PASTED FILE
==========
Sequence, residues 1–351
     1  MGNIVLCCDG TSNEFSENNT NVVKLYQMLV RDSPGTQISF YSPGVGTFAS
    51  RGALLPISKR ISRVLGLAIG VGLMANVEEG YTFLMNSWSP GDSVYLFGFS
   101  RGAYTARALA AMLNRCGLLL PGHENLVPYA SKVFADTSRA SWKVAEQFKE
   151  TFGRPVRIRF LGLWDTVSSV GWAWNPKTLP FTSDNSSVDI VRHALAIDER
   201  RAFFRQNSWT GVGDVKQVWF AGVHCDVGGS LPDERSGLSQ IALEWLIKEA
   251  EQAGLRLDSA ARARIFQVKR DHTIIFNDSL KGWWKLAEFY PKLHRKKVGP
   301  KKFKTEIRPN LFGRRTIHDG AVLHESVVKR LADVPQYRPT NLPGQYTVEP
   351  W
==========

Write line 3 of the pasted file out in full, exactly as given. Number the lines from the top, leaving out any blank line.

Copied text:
    51  RGALLPISKR ISRVLGLAIG VGLMANVEEG YTFLMNSWSP GDSVYLFGFS